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Santa Cruz Co. eyes tax measure to fund roads

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  • 5/14 Santa Cruz Sentinel
    Published Friday, May 14, 2004, in the Santa Cruz Sentinel Ballot measure could smooth roads By Heather Boerner Sentinel Staff Writer SANTA CRUZ -- The
    Message 1 of 1 , May 15, 2004
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      Published Friday, May 14, 2004, in the Santa Cruz Sentinel

      Ballot measure could smooth roads

      By Heather Boerner
      Sentinel Staff Writer

      SANTA CRUZ -- The proposed $550 million transportation ballot
      measure could be just the thing to smooth roads countywide in the
      next several years, some local public works officials say.

      But even the $108.5 million the measure proposes to set aside for
      cities is not expected to be enough to prevent roads from decaying.

      The state budget crisis and the local economic downturn have robbed
      local cities and the county of millions of dollars of road
      maintenance money. Cumulatively, the jurisdictions need more than
      $7 million a year just to maintain roads at their current level or
      improve them slightly.

      For instance:

      * Capitola plans to spend just $20,000 next year on pothole filling,
      even though officials expect to need $400,000-$650,000 a year just
      to keep the roads at their current level.

      * Santa Cruz projects it should be spending $2 million to $3 million
      a year to keep roads at the level they're at or improve them.
      They'll spend about $1 million next year.

      * Watsonville needs about $1.5 million a year just to keep road
      quality levels the same, but is spending $400,000.

      * Santa Cruz County needs to spend $3 million to $4 million a year
      to maintain or improve roads. Next year, they are planning to spend
      nothing.

      Scotts Valley's Public Works Director Ken Anderson declined to give
      statistics on his city.

      "We had money for roads a few years ago," said John Presleigh, the
      county's assistant director of public works. The county has lost
      both state Proposition 42 money and utility tax funds for road
      work. "Then, we had road work everywhere. This year, we'll have two
      weeks of chip seal work, and nothing next year. It's frightening."

      So it may not be surprising that some are looking to the 30-year,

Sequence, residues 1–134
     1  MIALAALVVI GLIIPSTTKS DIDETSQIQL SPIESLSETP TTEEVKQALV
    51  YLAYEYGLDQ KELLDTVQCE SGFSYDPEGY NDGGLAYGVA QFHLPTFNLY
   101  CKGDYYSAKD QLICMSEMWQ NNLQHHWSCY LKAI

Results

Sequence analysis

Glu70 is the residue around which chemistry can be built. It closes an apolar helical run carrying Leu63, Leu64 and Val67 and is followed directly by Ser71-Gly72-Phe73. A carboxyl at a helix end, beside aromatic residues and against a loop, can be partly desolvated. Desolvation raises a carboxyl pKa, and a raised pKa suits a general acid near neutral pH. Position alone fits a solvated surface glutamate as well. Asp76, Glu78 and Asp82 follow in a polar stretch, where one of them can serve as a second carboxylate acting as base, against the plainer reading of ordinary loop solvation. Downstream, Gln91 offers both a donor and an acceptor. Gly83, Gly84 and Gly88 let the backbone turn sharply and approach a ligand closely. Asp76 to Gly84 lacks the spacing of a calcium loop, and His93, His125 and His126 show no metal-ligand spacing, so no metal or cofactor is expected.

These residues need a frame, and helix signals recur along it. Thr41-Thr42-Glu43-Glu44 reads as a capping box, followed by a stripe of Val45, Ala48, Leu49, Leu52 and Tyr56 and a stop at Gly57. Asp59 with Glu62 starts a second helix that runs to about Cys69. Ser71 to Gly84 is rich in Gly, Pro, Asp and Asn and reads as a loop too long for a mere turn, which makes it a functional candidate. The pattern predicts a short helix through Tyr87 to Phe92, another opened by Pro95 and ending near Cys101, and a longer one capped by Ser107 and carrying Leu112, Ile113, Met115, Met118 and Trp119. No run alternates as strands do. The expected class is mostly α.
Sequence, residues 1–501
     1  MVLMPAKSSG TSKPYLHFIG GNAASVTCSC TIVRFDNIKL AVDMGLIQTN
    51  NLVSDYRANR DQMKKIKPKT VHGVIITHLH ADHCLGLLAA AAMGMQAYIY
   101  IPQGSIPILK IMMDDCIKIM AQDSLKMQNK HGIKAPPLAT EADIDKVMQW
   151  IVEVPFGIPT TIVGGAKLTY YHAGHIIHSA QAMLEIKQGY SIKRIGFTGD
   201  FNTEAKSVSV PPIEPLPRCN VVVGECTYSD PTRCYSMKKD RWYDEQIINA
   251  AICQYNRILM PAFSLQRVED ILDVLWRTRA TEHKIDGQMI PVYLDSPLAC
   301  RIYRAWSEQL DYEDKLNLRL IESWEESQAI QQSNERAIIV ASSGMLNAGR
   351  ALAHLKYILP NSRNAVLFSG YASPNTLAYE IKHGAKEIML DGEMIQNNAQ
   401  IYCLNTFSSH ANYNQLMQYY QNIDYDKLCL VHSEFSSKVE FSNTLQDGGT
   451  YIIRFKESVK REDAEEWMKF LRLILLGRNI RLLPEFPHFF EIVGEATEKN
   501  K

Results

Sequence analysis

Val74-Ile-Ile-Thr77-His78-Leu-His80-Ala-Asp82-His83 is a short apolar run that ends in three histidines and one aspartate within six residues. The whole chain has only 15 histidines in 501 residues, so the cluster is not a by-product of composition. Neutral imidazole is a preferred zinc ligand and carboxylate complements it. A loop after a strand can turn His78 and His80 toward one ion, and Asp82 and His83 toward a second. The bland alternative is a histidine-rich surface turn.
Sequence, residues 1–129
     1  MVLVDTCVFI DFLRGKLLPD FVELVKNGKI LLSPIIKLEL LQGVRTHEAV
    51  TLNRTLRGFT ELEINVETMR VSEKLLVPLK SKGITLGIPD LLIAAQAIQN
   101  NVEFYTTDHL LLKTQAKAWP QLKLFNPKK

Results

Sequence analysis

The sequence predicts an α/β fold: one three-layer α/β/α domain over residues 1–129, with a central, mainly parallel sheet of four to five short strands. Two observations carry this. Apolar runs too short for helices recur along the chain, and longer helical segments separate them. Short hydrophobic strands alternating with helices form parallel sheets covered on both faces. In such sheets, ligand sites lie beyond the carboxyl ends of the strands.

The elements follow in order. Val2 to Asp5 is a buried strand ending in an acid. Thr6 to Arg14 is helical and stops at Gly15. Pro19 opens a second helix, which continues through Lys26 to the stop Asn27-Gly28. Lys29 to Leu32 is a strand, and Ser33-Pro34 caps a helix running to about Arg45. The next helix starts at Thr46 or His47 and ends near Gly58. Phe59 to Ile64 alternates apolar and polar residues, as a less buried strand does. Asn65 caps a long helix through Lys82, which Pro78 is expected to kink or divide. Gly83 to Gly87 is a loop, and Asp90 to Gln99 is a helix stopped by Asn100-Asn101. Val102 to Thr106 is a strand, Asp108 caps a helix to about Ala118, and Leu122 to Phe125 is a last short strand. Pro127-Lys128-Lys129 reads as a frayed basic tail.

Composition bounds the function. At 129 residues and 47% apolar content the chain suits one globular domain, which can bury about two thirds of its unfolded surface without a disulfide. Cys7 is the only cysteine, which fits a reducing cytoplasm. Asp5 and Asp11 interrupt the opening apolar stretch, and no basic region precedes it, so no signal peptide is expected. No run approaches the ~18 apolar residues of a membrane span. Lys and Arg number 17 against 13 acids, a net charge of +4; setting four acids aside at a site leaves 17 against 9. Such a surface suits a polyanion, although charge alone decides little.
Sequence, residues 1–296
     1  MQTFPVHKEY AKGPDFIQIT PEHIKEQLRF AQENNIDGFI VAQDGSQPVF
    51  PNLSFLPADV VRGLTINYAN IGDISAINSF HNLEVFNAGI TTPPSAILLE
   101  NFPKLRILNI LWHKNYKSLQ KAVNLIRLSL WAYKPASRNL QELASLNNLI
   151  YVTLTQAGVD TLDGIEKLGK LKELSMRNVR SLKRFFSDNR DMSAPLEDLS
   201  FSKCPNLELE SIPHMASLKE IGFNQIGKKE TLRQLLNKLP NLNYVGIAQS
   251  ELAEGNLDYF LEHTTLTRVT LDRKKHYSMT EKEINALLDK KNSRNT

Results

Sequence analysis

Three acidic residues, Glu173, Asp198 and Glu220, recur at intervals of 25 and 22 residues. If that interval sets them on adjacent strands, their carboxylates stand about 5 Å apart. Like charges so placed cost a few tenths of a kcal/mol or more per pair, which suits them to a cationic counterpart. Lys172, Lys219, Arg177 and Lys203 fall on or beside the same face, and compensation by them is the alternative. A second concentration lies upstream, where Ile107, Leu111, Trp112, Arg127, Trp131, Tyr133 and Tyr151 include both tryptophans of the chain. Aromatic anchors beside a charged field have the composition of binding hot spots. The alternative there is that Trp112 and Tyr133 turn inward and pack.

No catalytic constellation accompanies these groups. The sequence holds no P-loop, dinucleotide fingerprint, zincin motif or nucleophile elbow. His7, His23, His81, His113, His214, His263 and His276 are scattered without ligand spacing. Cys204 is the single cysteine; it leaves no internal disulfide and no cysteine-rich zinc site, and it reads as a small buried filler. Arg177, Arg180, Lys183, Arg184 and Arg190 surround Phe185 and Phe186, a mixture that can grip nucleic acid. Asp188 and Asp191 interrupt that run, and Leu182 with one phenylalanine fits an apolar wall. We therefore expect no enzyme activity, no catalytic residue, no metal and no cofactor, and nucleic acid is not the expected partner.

half-cent sales tax measure to help smooth local roads. The Santa
      Cruz County Regional Transportation Commission holds a June 3 public
      hearing to solicit more comment on the items included in the measure.

      For people like Mark Dettle, Santa Cruz City's public works
      director, the ballot measure could be a godsend. The city received
      grants a year and a half ago of $1.5 million to repair local roads,
      such as High Street. But the state budget crisis deferred payment.
      Meanwhile, the slump in the local economy has made fewer taxes
      available for roads.

      That means things have gotten bumpier for local drivers.

      Dettle anticipates using the city's share of the money to take out
      bonds and get more money up front. That would allow for immediate
      road fixes.

      "That would definitely be a good starting point," he said.

      But not everyone is convinced of the ballot measure's soundness.

      Capitola would receive $139,664 a year from the ballot measure, were
      it to pass in November. But that's far below what the city needs to
      maintain its roads.

      "It's better than nothing, but is it the be-all, end-all?" asked
      Steve Jesberg, the city's public works director. "Not yet."

      Another complication is that each of the city councils would
      determine how the money would be spent, so it's unlikely all of it
      will go to roads. In discussions at the transportation commission,
      some members have talked about giving some of their money to the bus
      district.

      Local transportation money

      The transportation ballot measure proposed for November's election
      includes a provision that more than $100 million of the $550 million
      raised will go to each city and to the county to pay for
      transportation projects as officials see fit.

      Here's the money breakdown, in 2004 dollars, and based on current
      population distribution:

      Capitola

      $139,664 a year;
      $4.2 million over 30 years.

      Santa Cruz

      $783,395 a year;
      $23.5 million over 30 years.

      Scotts Valley

      $161,204 a year;
      $4.8 million over 30 years.

      Watsonville

      $671,220 a year;
      $55.9 million over 30 years.

      Source: Santa Cruz County Regional Transportation Commission


      Contact Heather Boerner at hboerner@...
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